In the photo: Humans dressed in a furry animal costume, trend practice called Furry/Furries / Photo by: GreenReaper via Wikimedia Commons
Furries are the product of a broadly misunderstood yet steadily proliferating subculture.People in the U.S.can often attest to seeing others walking around town dressed up as giant, furry animals, and people tend to draw a wide range of conclusions regarding this trend and those who indulge in it.Media has brandished conjectures about their being simply unhinged freaks or even participants in some sort of kinky fetish.
A team of international social scientists, however, has recently concluded through study that the furry subculture is actually a grassroots support system seemingly sponsored not by an entity somewhere but by mimetic, common behavior manifesting independently in each person.Furries are not suggestible people being introduced to a cult, group, or Internet phenomenon that convinces them to behave this way; rather, they feel socially compelled to behave this way and have all gravitated to one another after the fact to bond over their mutual disdain for those who ostracize them for what is, in fact, a natural behavior.
Furries are just as enthusiastic about their culture as sports fans are about sports, but they take a lot of flak for dressing the way they do whereas sports are really institutions that encourage that kind of passion as normal behavior.Furries typically connect with one another via online forums, message boards and chat clients; there, they simply talk and exchange info the way other fan factions tend to do.
The research team considers these Furries to primarily be outsiders to an extent, socially excluded people who are around 50 percent more liable to report having been bullied in childhood than average people would. “Perhaps the most fascinating thing that a decade of research on furries can tell us is that, in the end, furries are no different than anyone else—they have the same need to belong, need to have a positive and distinct sense of self, and need for self-expression,” says social psychologist Courtney Plante who served as lead analyst and co-founder of the research project.
“Furries, in other words, are just like you—but with fake fur!” Plante exclaims.She describes their society as providing a measurable, observable boon to self-defense for those whose social standing might otherwise weaken their resolve apropos of standing up for oneself.Ultimately, it is a cultural bastion for self-worth. “Depending on the media you consume, you may also know them as ‘the people who think they’re animals and have a weird fetish for fur,’” Plante describes.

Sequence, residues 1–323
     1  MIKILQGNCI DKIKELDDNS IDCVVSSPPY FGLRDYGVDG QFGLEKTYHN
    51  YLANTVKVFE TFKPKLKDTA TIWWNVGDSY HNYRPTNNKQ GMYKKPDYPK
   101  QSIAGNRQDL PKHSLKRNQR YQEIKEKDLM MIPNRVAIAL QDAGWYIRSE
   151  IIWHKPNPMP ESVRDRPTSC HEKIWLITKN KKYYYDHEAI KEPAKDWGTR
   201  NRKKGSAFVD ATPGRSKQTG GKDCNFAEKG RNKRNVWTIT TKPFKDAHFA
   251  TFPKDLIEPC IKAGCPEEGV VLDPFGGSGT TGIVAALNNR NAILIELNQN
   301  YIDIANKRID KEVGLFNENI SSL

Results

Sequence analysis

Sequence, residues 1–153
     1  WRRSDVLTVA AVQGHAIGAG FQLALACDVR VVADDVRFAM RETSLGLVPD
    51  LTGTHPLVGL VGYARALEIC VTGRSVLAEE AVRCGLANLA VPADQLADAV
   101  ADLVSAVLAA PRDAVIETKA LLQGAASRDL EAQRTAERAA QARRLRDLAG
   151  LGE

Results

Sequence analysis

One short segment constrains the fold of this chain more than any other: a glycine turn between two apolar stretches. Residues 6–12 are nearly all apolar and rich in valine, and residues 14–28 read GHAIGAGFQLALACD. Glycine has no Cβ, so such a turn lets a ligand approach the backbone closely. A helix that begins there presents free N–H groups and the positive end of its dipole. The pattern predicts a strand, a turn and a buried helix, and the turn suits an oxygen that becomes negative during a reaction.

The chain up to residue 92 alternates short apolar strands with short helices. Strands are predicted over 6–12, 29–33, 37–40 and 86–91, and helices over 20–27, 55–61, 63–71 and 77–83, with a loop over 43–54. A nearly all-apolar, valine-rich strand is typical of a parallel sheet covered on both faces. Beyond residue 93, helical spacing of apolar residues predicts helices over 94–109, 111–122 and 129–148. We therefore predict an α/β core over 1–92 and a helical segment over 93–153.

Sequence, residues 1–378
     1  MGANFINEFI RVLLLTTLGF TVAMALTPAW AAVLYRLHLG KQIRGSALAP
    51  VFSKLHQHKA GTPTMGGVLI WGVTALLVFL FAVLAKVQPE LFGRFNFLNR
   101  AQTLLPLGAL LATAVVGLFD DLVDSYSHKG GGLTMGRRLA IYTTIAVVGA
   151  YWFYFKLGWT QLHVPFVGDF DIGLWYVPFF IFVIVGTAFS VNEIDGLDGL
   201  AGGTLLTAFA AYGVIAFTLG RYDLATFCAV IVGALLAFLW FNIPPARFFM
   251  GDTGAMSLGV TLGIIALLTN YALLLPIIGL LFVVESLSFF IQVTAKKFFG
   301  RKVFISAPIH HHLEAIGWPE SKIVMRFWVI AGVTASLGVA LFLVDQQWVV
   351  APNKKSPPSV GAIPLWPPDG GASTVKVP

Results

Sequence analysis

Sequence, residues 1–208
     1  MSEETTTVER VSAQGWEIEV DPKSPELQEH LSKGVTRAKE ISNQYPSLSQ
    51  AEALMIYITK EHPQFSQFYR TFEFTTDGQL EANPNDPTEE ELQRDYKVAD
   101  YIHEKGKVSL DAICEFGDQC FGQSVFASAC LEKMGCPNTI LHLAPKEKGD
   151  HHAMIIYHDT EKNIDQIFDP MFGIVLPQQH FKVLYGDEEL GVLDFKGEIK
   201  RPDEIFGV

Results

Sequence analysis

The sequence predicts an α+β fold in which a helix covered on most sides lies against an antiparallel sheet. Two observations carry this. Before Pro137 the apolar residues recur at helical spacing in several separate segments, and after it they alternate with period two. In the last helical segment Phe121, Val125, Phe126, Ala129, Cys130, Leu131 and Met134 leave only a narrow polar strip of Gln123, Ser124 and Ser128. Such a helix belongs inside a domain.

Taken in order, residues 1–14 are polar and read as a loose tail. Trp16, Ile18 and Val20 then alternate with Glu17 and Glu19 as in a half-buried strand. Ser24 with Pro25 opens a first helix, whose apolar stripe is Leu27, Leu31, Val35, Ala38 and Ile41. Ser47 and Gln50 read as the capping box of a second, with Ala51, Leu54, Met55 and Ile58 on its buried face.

“Or, just as likely, you have never heard the term ‘furry’ before outside the context of your pet dog or the neighbor with the back hair who mows his lawn without a shirt on every Saturday.” Furry subculture is yet another niche akin to sports fandom, Japanese anime fandom (Otaku culture) or gamer culture.Plante says furries are “fans of media that features anthropomorphic animals—that is, animals who walk, talk, and do otherwise human things.
One of the social attributes on which the researchers have honed in is that of stark inclusivity in comparison to most known social groups.The community is broadly inclusive, which is illustrated by furries being estimated in the study as approximately seven times more likely than members of the general public to identify as transgender.The data also found furries to be five times as liable to identify as anything other than heterosexual.
Plante says, “This fandom embraces norms of being welcoming and non-judgmental to all,” which are attributes that have proven to be a positively powerful social trends around which to build such a social group.Plante also makes sure to debunk the innumerable misconceptions about furries perpetuated by media.He and his team say media mischaracterizes furries without any substantive data to prove their claims.Two of the most common mischaracterizations, according to Plante and colleagues, are that furries are either psychologically dysfunctional or fetishists.
Furries, of course, tend to be shy about addressing media because of the constant mischaracterizations such as the notion that they enjoy sexual gratification from dressing as mascots. “About 15 to 20 percent of furries wear elaborate costumes called ‘fursuits’ in much the same way anime fans cosplay as their favorite characters,” Plante explains. “However, unlike anime, furries are often assumed to engage in fursuiting for sexual reasons, despite the fact that this is very rarely the case.”
Plante also adds: “At first glance, it seems like anthropomorphic animals are a bizarre thing to be a fan of.That is, until you realize that most North Americans today grew up watching Mickey Mouse and Bugs Bunny cartoons and reading books like The Tale of Peter Rabbit and Charlotte’s Web, and continue this proud tradition by taking our children to see films like Zootopia.”
Plante and his colleagues found that furries tend to be major fans as well as scrutinizing critics of films like Disney’s Robin Hood, Zootopia; videogames like Pokémon and Night in the Woods.The team describes the furry community as predominately male, young and White, and they tend to be so-called “dudes” in their mid-20s or teens.Plante and colleagues report that close to half of them are college students with above-average grades; shared passions for fantasy, anime, videogames and science fiction; and common interests in science and computers.Plante and his team also interviewed several furries who described the fandom “as one of the first places where they felt like they could belong,” according to Plante.